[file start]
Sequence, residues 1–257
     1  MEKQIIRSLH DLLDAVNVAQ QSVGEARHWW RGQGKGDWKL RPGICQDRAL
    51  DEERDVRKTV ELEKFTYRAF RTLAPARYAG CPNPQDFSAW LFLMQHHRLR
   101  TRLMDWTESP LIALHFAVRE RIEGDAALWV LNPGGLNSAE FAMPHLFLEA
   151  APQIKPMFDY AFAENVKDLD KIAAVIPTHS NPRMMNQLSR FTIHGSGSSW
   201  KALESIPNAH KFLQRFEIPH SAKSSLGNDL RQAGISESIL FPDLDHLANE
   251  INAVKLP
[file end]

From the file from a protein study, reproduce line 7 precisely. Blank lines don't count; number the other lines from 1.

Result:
   251  INAVKLP